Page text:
News - MG
Rover back to being British
MG Rover plans a raft of new models in the next three years
22 Nov 2000
By TIM BRITTEN
A REVITALISED and British to the bootstraps MG Rover will expand its range of cars on the international front over the coming years.
Since the buy-in by the Phoenix group earlier this year, the company is busy returning to its British roots - hopefully, taking the best of the lessons learned during the BMW period.
For Australia, this will mean a return of the Rover badge with the introduction of the 2.5-litre V6 engine 75 at the 2001 Melbourne motor show.
The two-tier model range is expected to be priced at the same levels as the BMW announcement at the same show this year. This will mean a base Club model around $51,000 and a top-spec Connoisseur version around $59,000.
MG Rover Australia managing director Ian Pagent said the company hoped to sell about 1000 Rover 75s a year in Australia through a small dealer group at the moment comprising 12 to 13 outlets. Mr Pagent indicated the task of bringing Rover into the Australian market would be something of a challenge and require "some investment".
The sales expectations may sound ambitious, but Mr. Pagent is convinced the cars have the goods to establish a place in the prestige market.
"The Rover 75 is visually a stunning car, very competitively priced. We are very confident that this goal can be achieved," he said.
The 75 Club will be available in both manual and automatic form, while the upmarket Connoisseur will come with five-speed automatic transmission only.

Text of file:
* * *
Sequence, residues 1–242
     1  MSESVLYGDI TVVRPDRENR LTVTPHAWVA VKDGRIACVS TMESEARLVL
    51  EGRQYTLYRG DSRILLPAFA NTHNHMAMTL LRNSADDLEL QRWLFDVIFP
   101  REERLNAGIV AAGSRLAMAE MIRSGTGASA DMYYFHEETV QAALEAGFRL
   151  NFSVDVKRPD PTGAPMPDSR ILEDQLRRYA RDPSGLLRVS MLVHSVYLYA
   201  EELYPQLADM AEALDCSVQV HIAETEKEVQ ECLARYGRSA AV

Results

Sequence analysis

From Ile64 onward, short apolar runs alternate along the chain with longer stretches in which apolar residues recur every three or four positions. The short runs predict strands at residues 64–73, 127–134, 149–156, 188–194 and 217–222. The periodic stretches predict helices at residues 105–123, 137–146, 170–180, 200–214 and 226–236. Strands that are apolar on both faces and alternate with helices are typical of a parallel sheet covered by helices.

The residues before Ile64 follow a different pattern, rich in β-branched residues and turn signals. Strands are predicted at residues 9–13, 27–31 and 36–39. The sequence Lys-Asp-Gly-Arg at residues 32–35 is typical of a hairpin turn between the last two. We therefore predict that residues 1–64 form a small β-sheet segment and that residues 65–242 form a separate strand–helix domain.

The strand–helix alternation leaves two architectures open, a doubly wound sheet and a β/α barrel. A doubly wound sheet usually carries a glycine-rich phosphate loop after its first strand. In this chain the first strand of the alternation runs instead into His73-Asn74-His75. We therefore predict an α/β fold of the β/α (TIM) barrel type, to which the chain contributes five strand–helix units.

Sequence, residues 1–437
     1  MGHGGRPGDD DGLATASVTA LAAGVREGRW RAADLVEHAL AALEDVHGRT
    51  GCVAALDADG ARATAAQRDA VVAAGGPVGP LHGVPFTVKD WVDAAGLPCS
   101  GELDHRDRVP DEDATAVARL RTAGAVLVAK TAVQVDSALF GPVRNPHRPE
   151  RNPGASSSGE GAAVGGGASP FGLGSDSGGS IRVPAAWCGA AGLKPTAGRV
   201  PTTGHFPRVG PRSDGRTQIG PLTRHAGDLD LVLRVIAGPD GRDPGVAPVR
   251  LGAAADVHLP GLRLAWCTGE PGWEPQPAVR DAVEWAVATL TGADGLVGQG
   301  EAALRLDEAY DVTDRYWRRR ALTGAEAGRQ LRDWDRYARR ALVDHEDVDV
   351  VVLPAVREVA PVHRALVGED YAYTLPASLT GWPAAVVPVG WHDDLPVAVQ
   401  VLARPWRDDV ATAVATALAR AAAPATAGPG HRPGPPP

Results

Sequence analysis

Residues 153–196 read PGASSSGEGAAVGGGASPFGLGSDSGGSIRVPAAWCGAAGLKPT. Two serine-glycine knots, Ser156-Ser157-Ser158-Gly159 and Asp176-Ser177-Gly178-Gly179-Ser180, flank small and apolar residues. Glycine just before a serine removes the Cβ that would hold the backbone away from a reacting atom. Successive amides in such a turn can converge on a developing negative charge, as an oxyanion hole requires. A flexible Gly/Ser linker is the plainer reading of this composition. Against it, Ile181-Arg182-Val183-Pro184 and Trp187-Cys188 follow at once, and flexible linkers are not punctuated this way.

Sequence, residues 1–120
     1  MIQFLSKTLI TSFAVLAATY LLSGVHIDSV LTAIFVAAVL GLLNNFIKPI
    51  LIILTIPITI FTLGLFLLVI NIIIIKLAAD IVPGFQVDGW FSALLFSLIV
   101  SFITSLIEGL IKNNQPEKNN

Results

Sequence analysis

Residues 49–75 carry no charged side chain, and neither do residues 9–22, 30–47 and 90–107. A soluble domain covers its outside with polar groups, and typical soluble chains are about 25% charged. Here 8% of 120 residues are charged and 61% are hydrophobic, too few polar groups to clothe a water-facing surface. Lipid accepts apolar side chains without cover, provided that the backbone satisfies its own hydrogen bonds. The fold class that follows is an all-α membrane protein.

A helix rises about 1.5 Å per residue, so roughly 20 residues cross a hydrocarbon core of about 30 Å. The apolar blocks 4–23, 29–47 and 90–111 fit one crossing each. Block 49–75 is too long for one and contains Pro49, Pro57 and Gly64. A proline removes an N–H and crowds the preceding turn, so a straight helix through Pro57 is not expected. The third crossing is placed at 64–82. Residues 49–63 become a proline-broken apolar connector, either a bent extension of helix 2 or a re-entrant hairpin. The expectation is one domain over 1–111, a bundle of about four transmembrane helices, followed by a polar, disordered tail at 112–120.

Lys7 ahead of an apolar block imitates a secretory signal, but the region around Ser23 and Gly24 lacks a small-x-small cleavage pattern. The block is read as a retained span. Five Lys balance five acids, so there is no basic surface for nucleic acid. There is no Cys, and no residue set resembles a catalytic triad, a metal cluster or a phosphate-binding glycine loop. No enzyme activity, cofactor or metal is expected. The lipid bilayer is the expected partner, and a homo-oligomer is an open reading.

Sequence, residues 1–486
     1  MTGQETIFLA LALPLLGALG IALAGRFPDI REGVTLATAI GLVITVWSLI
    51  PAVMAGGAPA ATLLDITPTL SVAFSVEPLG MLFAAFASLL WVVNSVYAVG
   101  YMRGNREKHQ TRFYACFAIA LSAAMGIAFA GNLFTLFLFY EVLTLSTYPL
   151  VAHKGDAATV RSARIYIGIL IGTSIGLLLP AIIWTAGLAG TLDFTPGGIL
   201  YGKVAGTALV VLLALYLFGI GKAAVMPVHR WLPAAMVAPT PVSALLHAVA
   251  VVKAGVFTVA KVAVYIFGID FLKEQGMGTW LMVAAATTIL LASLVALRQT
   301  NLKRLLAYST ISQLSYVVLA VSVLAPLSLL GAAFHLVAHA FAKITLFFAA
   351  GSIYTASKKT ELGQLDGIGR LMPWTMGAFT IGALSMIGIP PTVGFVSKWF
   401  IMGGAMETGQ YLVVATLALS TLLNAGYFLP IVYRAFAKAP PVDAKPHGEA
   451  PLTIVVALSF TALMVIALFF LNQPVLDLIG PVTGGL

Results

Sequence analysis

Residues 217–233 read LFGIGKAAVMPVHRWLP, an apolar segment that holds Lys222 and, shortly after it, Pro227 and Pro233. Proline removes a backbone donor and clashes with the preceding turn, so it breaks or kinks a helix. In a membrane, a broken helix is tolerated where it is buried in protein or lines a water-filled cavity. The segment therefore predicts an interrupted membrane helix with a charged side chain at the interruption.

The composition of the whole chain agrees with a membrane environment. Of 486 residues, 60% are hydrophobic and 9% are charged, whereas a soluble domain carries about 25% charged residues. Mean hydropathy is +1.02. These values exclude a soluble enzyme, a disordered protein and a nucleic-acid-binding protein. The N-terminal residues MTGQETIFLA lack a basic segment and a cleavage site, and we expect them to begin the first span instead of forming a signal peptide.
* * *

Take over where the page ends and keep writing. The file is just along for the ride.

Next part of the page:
Both models will have leather upholstery, climate control air-conditioning, cruise control and an Alpine sound system with six-disc CD changer.
Club models will come with 15-inch alloy wheels while the Connoisseur will use larger 16-inch alloys.
Speaking during a lightning visit to Australia for the Sydney motor show, MG Rover product development director Rob Oldaker indicated the company was fired up to unleash a raft of new models wearing both Rover and MG badges over the next few years.
This will mean the application of MG badges to certain Rover cars - a practice Mr Oldaker says is in keeping with MG tradition.
The MGF - which has "a lot of life left yet" according to Mr. Oldaker - is expected to receive a power boost as well as running improvements next year, ahead of a heavily revised version that will appear in 2004.
A constantly variable "Steptronic" transmission MG is already in Australian showrooms.
Mr Oldaker said various British styling houses were working on the MG sports convertible under the guidance of new design director Peter Stevens, who comes to the company with an extensive motor racing background and has a keen interest in aerodynamics.
This will mesh well with plans to embellish the marque's race pedigree - a not insignificant part of which is the company's intention to contest the Le Mans 24-hour race in 2001.
Mr Pagent said MG would stick with the current Australian distribution arrangement, with six MG Garages operating out of major urban areas around the country.
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